“If you choose one place to fix your eyes, you can become confused, 
and your art of strategy will be compromised.”

This has been touched on in previous chapters.  If you stand still, the world will pass you by.  To remain is to regress, to improve is to progress.  There are many sayings that reflect the same sentiment.  But, in essence, if we become too fixed on a single system, a single method, and fail to evolve we will inevitably fall.  Life is motion.  Change is constant and inevitable.  Keep moving.  One, static vantage point will always have disadvantages and will eventually produce compromise.  



“Speed is not an aspect of the Way of Strategy…  
A man who masters Strategy does not appear fast.”

A friend of mine in a financial mastermind group I once participated in shared with the group, “Sometimes slow is fast.” What he meant by this is that if you push too hard to be too fast at something you often end up stagnating the process and actually slow down your progress.  For example, let’s say you go out on a date with a man or a woman and within 30 minutes of the date you turn to the person and say, “Will you sleep with me?”  There is a good chance that will be the end of the date and there isn’t likely to be another one with that person.  Pushing too hard, saying the right thing at the wrong time, and being too eager to succeed, often leads to an unattractive sense of desperation, which ultimately slows your progress.  So remember, sometimes slow and steady is superior to fast and erratic.



“Even an unskilled runner may run all day, but without going very far.”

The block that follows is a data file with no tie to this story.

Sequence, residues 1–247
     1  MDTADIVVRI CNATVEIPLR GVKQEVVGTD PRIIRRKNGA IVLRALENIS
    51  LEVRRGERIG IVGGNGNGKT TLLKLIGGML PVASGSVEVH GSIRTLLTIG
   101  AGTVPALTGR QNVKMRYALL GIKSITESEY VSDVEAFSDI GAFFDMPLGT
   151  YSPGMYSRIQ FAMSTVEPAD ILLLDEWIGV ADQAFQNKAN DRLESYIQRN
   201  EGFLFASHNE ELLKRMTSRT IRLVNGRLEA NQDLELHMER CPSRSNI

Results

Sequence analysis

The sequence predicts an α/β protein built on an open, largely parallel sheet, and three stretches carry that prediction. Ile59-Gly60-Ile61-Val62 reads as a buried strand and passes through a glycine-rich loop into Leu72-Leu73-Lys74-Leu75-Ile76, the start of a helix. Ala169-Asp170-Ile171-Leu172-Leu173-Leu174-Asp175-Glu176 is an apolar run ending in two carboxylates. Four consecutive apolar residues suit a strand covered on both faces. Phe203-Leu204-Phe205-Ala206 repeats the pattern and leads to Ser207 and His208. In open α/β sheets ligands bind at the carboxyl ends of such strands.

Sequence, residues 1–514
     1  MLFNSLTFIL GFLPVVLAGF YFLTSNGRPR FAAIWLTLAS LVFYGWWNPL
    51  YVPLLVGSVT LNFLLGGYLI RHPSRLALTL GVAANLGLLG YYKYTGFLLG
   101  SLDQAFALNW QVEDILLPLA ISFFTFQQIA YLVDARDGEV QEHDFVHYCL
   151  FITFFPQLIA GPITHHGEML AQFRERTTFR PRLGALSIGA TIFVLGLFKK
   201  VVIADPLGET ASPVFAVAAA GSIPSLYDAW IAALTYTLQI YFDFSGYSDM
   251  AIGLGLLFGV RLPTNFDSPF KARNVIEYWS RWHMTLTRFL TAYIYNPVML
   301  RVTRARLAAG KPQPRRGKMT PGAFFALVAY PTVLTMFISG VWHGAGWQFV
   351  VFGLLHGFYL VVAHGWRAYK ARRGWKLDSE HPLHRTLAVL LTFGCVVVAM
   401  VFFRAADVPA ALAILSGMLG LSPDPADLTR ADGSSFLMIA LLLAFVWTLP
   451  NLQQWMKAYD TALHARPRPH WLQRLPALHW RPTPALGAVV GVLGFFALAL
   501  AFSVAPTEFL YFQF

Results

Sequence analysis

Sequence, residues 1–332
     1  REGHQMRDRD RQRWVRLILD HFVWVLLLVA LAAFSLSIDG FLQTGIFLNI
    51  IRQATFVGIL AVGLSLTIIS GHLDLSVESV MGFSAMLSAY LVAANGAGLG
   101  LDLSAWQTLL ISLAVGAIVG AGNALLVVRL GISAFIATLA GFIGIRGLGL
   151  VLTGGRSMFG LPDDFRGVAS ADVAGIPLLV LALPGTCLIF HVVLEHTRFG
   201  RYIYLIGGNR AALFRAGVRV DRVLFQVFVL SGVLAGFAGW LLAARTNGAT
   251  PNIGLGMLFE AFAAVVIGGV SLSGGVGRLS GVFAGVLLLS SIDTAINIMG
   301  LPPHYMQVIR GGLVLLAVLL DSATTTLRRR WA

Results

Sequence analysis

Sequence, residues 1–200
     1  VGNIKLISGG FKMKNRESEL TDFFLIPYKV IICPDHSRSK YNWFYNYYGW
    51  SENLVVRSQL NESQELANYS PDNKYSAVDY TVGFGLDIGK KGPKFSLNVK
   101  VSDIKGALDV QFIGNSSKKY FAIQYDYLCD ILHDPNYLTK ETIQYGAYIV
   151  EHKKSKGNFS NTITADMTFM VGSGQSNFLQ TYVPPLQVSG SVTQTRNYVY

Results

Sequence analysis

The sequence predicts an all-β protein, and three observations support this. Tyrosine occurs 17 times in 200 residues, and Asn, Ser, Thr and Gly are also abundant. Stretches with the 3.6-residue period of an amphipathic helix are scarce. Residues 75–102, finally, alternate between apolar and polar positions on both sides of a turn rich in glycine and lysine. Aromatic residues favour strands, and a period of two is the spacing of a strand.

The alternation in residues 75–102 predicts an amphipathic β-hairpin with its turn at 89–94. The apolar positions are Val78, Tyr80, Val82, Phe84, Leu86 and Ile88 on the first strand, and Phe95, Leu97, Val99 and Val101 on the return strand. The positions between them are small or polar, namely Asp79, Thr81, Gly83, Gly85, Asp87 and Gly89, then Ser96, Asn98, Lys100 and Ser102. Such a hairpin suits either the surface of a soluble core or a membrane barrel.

This touches on what we discuss earlier about the difference between efficient and effective, and is also very similar to the above discussion regarding speed.  Still, it’s a good quote.

“If you do try to cut quickly, you will fail to cut at all.”

Speed is not necessarily a virtue.  In Aikido, force is not a virtue, but power is. Many students stall in their training because they keep trying to “force” techniques instead of patiently learning the physics and mechanics of each technique.  The irony is that so much less “work” is required if you don’t force each technique.  This, of course, holds true for many things in life.



“In this world, if you are in the mountains, and you wish to go further into the depths 
of the mountain range, you will come out through the entrance again!”

This quote I found particularly humorous, as I think Musashi intended.  It reminded me of a riddle I learned in elementary school:  If you run directly into the center of a forest, how far can you run until you are no longer running into the forest?  The answer, of course, is half way – because after that, you would be running out of the forest!  Here Musashi tries to disillusion students from thinking that there are deeper layers and deeper worlds to the martial arts.  He deemphasizes what he calls “interior” and “exterior,” or secret traditions.  He says, “…in combat, there is no such thing as dueling on the surface or cutting and opponent’s interior.” What I think he is trying to say is that there are no shortcuts or secret tricks to learn martial arts.  It takes one and only one thing – diligent training.  

The Classic Japanese Text on 
The Way of Strategy 
by Miyamoto Musashi 
(1584-1645)

Part 5 of 6

by Sean Hannon